RAPPORT presentation

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Transcript RAPPORT presentation

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Evaluation

Marion Cowe, Elspeth Mathie, Patricia Wilson on behalf of the RAPPORT research team

Research approach in RAPPORT

• • • Realist evaluation PI in research is a complex intervention/practice – – Context, processes and people all involved – New way of working & behaving & requires collective action How does PI get embedded as the normal practice in all research (normalization)?

Normalization Process Theory (May & Finch 2010) – a useful tool in exploring complex interventions http://www.normalizationprocess.org/home.aspx

1. Learning disabilities 2. Public Health 3. Dementia 4. Arthritis 5. Diabetes 6. Cystic fibrosis

Six topic areas

• Challenges in accessibility, well established PI frameworks informing policy, practice & research • Participants who do not see themselves as service users. Community interventions, variety of settings, harder to reach groups.

• Predominantly older age group, primary care setting. Developing research that is inclusive • Across life span but predominantly older people, variety of care settings. Strong patient organisation • Across life span, clear clinical diagnosis, emphasis on self-management & lifestyle change. PI well established through powerful patient organisation • Life limiting condition affecting children & young people. Care in secondary & specialist centres. Strong focus on lab based research.

4 geographical regions

South West North East East of England London

Research Plan

• • • Stage 1 : Scoping of the UKCRN portfolio – Non-commercial, current or completed within last 2 years – National snapshot Stage 2: Survey of chief investigators in 4 regions Stage 3: Case studies – Up to 20 across 4 regions and 6 topic areas – PI processes, outcomes and impact tracked for 18 months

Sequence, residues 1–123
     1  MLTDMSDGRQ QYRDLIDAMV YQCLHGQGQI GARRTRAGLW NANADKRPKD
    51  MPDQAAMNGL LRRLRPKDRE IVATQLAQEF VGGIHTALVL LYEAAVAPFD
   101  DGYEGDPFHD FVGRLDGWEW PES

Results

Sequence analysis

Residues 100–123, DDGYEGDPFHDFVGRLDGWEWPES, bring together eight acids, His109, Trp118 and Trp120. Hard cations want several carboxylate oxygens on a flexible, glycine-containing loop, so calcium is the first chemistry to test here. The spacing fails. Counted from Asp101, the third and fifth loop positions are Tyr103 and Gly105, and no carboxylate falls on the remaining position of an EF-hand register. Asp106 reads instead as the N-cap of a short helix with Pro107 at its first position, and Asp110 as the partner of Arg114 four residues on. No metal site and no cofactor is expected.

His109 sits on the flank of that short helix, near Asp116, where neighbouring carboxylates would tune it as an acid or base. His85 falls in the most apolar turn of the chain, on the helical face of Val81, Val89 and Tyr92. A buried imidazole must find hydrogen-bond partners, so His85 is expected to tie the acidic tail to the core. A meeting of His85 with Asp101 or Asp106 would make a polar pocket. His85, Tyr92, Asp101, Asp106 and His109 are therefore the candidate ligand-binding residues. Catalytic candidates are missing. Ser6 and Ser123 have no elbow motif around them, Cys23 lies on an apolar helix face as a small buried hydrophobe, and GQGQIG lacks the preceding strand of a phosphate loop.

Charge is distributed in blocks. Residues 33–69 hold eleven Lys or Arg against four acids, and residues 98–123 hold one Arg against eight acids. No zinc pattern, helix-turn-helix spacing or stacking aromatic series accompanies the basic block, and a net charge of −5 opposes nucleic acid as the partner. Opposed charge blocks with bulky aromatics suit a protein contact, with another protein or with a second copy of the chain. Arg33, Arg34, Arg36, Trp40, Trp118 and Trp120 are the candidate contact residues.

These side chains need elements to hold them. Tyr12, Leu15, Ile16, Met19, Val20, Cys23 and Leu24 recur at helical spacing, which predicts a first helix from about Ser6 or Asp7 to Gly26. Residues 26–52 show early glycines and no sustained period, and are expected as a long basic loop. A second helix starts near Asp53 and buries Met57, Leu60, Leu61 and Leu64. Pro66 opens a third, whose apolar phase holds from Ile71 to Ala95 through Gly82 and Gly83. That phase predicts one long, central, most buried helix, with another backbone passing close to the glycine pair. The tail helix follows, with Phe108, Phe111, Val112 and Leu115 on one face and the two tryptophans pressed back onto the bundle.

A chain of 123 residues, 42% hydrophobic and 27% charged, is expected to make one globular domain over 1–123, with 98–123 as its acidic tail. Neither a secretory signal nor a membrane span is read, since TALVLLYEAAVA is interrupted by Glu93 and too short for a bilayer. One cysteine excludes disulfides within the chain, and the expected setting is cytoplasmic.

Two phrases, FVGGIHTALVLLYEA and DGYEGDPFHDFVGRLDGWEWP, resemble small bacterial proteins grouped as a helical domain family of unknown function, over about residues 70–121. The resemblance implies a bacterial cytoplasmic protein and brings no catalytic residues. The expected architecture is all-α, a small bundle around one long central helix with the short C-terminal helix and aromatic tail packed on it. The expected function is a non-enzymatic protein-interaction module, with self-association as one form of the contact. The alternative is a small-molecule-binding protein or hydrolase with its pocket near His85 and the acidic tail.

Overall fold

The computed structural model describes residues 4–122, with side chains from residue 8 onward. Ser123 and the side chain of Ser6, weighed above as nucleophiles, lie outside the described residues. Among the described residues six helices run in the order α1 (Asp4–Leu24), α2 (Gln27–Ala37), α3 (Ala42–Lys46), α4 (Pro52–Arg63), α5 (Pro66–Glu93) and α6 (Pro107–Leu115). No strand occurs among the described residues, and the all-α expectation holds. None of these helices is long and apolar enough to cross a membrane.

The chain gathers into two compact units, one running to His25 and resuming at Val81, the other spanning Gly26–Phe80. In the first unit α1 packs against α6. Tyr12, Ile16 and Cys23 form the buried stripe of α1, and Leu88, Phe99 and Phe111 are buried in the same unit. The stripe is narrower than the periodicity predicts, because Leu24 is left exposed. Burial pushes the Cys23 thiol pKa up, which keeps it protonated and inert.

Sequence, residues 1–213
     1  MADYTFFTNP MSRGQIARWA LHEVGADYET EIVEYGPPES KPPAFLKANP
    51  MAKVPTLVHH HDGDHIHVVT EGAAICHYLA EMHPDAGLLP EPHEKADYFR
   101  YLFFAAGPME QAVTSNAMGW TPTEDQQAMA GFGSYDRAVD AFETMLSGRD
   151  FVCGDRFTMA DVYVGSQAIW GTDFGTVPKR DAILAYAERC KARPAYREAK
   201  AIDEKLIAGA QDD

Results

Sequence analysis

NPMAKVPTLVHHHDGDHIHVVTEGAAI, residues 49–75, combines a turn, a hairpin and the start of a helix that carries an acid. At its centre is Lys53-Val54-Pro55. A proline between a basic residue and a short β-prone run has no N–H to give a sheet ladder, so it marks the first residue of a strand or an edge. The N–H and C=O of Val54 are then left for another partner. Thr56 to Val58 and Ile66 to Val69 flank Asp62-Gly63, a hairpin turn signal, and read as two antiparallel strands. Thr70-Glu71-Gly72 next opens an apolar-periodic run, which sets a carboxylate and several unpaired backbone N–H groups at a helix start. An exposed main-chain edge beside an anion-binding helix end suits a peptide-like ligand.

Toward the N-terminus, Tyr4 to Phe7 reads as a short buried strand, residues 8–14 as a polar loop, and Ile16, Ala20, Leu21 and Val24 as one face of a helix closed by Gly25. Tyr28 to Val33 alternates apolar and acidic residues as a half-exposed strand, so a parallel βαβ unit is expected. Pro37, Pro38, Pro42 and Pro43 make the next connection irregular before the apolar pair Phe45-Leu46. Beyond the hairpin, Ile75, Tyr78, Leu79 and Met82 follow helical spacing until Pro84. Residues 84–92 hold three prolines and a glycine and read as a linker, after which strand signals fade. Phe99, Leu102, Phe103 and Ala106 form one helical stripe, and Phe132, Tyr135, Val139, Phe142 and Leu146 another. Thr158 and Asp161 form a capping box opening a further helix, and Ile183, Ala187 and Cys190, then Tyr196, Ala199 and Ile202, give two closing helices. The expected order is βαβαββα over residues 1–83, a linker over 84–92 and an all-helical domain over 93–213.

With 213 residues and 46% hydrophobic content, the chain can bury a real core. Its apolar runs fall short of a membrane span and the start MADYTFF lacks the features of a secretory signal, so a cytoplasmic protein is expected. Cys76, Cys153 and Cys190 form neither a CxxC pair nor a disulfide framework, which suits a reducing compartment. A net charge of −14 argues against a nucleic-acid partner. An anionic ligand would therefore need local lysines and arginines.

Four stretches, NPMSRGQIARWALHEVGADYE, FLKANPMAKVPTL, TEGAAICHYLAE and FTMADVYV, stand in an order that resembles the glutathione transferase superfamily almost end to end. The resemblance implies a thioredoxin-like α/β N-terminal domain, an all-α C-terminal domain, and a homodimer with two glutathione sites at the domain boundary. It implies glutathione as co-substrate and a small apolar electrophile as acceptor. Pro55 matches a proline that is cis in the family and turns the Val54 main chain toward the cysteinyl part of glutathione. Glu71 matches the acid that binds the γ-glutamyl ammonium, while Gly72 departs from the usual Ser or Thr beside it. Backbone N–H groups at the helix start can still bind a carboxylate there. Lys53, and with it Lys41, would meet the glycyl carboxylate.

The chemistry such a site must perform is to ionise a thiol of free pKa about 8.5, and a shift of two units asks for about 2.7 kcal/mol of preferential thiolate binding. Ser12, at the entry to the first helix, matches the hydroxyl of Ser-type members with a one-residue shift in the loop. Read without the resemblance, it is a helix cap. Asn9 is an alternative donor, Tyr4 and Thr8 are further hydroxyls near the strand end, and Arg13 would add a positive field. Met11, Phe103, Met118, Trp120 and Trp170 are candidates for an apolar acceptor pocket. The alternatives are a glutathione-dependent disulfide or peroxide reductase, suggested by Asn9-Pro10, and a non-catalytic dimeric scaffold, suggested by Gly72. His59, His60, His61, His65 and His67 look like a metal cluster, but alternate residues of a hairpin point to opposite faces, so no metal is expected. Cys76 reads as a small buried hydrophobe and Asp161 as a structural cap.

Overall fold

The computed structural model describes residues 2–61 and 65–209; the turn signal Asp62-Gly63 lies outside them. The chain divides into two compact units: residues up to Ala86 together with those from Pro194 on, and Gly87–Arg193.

Public involvement in RAPPORT

• • • • • Proposal development –the University of Hertfordshire PIR group Reference groups – Service users with learning disabilities – Parents, children & young people with cystic fibrosis Co-applicants – Marion Cowe & Diane Munday (PIR group) Co-researchers – MC & DM plus a mother of child with CF Advisory group – 2 members of the Norfolk PPIRes panel – – 1 lay member from RCGP Independent lay chair

Progress to Date:

• • •

Stage 1: Scoping

1465 studies identified nationally in 6 topic areas Total studies included 837

Outside 4 Areas 480 Document analysis 837 Inside 4 Areas 357 Survey

Survey Progress to Date:

• Stage 2: Survey  Bristol on-line Survey  E-mail sent out January 2012 •  60 responses out of 357  16.8% response rate Further reminder to be sent out

What stage have/will lay people/service users been involved in the project?

40 35 30 25 20 15 10 5 0

Levels of Involvement

“This study was mainly lab based with some observation of staff movement. Patients were not involved either as participants or in design” (Public Health Study – hospital infection)

“We routinely include our Participant Advisory Panel in designing future proposals and have considered their opinions in study design and many other aspects of our research. We believe they play an essential part in contributing to the success of our research from the application stage through to completion and dissemination of results” (Diabetes Study)

Have the lay people/service users received any training for their involvement in the study?

Have the lay people/service users involvement in the study been directly costed for in the grant application?

No Yes No Yes 35% 48% 52% 65%

Type of research

Arth CF Lab based

Case Studies

Dem Diab LD North East PH

Topic area

Arth CF Dem Diab LD London PH Users as co researchers Lab based East of England South West Users as co researchers

Voice from the Field

“Getting the public interested in research in general so that participating becomes the cultural norm”

HSR Funding Acknowledgement

This project was funded by the National Institute for Health Research Health Services & Delivery Research programme (project number 10/2001/36).

Department of Health Disclaimer

The views and opinions expressed therein are those of the authors and do not necessarily reflect those of the NIHR HSDR programme or the Department of Health.